The Mudcat Café TM
Thread #54141   Message #837002
Posted By: DG&D Dave
29-Nov-02 - 06:31 AM
Thread Name: Origins: Pace egging Song
Subject: RE: Origins: Pace egging Song
Here is a reasonable explanation that I ripped off the Vancouver Morrismen site

The pace-egging play is an example of the English ritual folk plays, called Mumming plays, which are believed to be the oldest plays in the English language. These plays were performed predominantly in the villages of England around Christmas time. However, in the north west of England they were performed around All Soul's Day (better known as Halloween) or at Easter.
The pace-egging play is the Easter version and gets it's name from the old English word for Easter - Pasch. The festival predates Christianity which, as was often the case, superimosed a new festival on top of an older pagan celebration. The word Easter is itself derived from the name of the Saxon goddess for springtime - Eastre (or Eostre) whose sacred beast was the hare - the old version of the Easter bunny! Eggs have been associated with Easter - and many other springtime festivals around the world - as an obvious symbol of continuing life and resurrection.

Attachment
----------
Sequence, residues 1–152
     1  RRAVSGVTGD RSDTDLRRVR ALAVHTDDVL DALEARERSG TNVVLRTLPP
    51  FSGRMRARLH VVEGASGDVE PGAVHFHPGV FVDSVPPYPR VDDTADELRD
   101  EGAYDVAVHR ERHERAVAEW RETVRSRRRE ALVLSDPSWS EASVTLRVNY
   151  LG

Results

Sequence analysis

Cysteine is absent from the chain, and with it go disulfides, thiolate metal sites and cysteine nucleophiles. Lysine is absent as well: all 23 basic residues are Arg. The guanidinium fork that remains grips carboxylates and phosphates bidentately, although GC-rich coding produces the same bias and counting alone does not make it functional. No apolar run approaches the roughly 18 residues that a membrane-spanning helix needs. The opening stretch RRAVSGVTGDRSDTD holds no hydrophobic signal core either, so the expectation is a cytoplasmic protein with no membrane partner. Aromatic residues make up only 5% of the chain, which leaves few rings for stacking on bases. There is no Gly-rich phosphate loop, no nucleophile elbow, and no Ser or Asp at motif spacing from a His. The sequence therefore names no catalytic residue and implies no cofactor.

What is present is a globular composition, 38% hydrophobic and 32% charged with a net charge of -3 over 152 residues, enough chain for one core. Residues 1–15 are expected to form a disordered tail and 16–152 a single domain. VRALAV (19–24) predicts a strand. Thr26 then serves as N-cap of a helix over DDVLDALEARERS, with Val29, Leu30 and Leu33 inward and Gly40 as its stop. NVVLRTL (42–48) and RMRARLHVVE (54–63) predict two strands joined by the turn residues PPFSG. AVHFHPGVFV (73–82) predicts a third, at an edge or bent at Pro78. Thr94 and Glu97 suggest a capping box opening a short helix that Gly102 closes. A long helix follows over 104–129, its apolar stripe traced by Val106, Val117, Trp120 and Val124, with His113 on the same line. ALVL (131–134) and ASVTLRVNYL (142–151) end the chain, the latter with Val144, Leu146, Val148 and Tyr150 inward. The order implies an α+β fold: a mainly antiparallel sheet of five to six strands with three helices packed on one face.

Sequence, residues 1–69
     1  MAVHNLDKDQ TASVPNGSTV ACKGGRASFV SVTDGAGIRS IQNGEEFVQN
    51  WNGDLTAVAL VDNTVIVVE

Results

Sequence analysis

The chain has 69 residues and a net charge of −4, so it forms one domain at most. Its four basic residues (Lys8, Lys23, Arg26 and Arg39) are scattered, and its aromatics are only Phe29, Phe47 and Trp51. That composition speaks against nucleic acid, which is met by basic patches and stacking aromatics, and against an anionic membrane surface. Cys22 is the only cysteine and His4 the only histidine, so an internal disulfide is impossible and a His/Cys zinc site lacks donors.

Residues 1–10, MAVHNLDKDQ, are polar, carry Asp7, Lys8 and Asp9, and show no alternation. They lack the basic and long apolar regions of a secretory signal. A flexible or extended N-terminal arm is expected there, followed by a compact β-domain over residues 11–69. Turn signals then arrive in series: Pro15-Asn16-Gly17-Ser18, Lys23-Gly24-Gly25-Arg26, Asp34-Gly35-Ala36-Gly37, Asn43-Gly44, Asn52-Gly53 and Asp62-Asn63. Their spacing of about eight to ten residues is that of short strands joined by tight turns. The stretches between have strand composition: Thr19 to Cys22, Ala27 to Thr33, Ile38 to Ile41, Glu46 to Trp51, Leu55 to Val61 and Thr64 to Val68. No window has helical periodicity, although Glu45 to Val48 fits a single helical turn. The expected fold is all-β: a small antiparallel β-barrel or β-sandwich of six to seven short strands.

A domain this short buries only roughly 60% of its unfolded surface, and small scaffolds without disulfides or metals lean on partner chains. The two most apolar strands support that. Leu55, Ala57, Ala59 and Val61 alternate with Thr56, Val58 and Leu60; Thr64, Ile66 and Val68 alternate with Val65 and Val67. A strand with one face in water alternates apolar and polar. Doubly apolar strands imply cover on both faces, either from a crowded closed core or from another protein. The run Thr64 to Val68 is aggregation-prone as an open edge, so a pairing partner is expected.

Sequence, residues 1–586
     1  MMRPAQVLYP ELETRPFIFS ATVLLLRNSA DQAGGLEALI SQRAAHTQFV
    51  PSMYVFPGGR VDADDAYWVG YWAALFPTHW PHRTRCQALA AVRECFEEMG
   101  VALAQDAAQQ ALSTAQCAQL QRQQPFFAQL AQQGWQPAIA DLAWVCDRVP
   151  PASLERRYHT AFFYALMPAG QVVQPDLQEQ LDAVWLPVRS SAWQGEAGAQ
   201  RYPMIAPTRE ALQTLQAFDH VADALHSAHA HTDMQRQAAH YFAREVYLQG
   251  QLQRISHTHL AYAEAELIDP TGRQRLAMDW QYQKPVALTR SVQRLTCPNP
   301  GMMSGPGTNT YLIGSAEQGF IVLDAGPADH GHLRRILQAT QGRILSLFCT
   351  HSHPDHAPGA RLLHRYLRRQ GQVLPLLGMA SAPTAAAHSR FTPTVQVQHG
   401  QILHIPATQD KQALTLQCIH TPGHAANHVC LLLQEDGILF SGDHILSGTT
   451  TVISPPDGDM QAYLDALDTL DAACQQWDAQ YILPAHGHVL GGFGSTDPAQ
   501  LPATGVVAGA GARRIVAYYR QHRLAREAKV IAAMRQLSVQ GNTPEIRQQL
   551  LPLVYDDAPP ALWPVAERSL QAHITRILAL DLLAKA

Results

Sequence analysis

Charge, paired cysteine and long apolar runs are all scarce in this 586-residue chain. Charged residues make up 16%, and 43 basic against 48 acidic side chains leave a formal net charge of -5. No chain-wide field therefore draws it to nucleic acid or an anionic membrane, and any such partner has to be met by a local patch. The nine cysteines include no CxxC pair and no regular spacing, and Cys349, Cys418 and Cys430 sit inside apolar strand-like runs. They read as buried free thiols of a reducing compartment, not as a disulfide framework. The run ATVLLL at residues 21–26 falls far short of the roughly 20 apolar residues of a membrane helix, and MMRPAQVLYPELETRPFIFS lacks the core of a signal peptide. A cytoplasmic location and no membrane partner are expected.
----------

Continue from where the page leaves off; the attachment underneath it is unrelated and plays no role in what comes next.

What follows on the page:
So what's the Mumming Play about? What does it all mean?

Probably not a lot! Over the centuries it has evolved and been changed to the point where we can only guess at what it all means. There are, however, some common elements found in all the plays collected around England. Someone is killed (in our pace-egging play it is the Turkish Knight who is killed by St. George) and a quack doctor revives him. This is thought to represent the yearly cycle of the Earth - life seems to die in the Winter and is revived in the Spring. So it's possibly some old ritual magic to ensure that the cycle of the seasons continues. The other common element is the strange consutmes worn by the "actors". The ribbons, rags and covered face (sometimes blackened) are thought to act as disguise to ensure that the magic of the ritual will work. The covered face may give us a clue as to where the term "Mumming" originated. The German for mask is mummen, so perhaps the Saxons brought the play to England.

If you ever see our pace-egging play, please remember:

"Put your hands in your pocket and pull out your purse,
Give us a trifle, you'll not feel much worse".